“The Big Mac and the Dollar” may read a bit like the title of a children’s fairy tale (i.e. Jack and the Beanstalk), but it isn’t. Instead, it’s an agricultural economist’s not-so-clever way of introducing a discussion on the value of the dollar. Nebraska agriculture relies on exports, and the value of the dollar is a key determinant in determining the competitiveness of Nebraska agricultural products in international markets.
The Economist magazine created the Big Mac index as a way of measuring the value of the world’s currencies relative to the U.S. dollar. The Economist states, “The index is based on the idea of purchasing-power parity, which says exchange rates should move towards the level that would make the price of a basket of goods the same in different countries.” The basket of goods chosen by the magazine to compare across countries is a McDonald’s Big Mac. The cost of the hamburger in different countries is converted into U.S. dollars and the local cost compared to average U.S. cost to determine the relative value of each currency. Countries where the hamburger costs more compared to the U.S. have currencies more expensive than the dollar; and countries where it costs less have currencies less expensive relative to the dollar.
The Economist found the average cost of a Big Mac in four U.S. cities was $5.28. According to the index, the cost of a Big Mac in Switzerland, Norway, and Sweden is greater than the cost in the U.S., thus these countries’ currencies are more expensive relative to the U.S. dollar. In all other major countries, particularly in some major agricultural competitors (i.e. Canada, Brazil, Australia, and Russia) the Big Mac costs less, indicating a currency cheaper than the U.S. dollar. Based on the index, the value of the dollar remains high but the gaps between the dollar and other currencies narrowed since the last time The Economist calculated its Big Mac index, a positive sign for U.S. exports.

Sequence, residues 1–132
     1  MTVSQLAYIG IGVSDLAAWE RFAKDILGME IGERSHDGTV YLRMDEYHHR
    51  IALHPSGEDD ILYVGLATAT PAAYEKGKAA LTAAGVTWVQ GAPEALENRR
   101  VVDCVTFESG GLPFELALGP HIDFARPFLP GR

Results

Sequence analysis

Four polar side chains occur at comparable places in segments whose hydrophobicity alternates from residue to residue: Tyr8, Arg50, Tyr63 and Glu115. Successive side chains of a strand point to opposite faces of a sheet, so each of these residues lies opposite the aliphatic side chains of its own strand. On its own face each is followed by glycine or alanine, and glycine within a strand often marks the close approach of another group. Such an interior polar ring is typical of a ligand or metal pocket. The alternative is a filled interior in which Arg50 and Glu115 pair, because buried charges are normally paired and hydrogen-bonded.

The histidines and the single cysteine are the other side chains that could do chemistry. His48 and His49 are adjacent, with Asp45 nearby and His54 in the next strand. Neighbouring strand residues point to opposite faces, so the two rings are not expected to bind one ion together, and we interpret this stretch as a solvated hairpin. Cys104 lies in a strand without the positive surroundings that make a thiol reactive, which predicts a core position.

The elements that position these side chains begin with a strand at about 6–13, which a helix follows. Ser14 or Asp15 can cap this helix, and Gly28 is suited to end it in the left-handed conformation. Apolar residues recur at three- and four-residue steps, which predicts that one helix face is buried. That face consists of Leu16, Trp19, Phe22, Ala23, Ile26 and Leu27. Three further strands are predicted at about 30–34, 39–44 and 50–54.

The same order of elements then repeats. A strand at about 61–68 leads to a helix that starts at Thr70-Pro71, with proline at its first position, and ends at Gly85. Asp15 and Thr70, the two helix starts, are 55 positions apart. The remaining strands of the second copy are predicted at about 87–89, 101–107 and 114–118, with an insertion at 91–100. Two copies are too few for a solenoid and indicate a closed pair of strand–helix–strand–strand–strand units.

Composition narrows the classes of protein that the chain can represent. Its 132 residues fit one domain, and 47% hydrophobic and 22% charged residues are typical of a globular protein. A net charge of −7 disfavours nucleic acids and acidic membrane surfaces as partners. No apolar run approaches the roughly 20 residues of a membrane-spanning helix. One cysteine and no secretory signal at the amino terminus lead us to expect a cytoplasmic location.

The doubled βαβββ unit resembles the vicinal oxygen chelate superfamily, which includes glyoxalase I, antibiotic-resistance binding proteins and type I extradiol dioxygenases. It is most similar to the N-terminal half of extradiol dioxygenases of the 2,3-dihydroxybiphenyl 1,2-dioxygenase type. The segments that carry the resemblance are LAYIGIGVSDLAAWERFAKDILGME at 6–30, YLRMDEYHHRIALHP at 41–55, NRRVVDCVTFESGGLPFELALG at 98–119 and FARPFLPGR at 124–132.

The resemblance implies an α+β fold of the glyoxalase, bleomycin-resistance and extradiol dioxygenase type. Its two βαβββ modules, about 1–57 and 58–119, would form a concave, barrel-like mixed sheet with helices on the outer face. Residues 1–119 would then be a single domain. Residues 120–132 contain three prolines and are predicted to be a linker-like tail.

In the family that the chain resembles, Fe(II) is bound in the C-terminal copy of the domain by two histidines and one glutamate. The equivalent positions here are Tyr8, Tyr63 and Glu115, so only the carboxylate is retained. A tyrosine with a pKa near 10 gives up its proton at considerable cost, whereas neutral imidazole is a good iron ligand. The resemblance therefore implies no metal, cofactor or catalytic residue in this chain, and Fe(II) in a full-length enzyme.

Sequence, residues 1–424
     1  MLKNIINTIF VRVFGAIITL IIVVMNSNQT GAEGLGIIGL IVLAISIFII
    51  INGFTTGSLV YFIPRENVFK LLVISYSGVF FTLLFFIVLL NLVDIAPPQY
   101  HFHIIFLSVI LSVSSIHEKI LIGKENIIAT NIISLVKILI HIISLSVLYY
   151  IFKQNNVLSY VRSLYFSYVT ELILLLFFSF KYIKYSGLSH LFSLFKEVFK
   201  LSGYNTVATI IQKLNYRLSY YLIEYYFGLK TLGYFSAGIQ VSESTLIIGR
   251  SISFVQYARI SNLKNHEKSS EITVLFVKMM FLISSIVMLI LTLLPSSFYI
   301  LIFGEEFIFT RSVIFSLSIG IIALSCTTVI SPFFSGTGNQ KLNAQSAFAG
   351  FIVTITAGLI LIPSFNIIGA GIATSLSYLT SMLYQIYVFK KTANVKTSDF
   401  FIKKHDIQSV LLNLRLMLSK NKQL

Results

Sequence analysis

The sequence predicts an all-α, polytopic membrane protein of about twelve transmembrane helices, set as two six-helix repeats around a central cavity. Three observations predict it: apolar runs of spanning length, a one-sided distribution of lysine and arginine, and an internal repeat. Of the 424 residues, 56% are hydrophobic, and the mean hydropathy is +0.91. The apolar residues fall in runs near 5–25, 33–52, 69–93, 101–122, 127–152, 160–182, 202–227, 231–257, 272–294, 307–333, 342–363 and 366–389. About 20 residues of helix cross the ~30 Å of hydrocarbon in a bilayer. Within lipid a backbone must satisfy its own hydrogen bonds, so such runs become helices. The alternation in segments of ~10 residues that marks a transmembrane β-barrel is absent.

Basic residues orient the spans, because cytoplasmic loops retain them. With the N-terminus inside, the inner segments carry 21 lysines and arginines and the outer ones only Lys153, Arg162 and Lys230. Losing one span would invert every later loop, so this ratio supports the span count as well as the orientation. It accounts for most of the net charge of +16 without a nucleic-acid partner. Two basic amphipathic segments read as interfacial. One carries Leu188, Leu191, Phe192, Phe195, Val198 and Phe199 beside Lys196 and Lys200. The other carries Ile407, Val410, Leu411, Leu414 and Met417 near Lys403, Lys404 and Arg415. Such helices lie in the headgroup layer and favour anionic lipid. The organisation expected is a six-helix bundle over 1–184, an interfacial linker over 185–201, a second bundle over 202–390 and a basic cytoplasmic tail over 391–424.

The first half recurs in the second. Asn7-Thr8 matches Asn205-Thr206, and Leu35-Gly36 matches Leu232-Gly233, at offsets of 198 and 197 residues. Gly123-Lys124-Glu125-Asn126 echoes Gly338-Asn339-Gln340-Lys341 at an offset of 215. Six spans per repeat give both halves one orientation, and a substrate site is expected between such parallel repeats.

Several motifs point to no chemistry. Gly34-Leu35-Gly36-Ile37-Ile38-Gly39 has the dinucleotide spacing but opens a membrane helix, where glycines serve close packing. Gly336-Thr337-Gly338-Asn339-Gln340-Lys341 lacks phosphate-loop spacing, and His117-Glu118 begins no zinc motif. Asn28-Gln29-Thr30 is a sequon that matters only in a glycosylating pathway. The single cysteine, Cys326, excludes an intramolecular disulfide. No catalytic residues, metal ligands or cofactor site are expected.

Most observers believe the U.S. dollar will continue to drop in value through 2018. Economic growth in other countries is relatively strong, putting upward pressure on other countries’ currencies. Also, the dollar continues to remain relatively high historically, suggesting its due for a correction. All in all, a continued decline in the value of the U.S. dollar in 2018 should work to support growing U.S. agricultural exports. (The big Mac index: The Mac strike back, the dollar’s decline is a small victory for burgernomics, The Economist, Jan. 20th, 2018.)
Jay Rempe is the senior economist for Nebraska Farm Bureau. Rempe’s background in agricultural economics, years of experience in advocating at the state capitol, and a firm grasp of issues allow him to quantify the fiscal impact of a regulatory proposal, and provide an in-depth examination of key issues affecting Nebraska’s farmers and ranchers.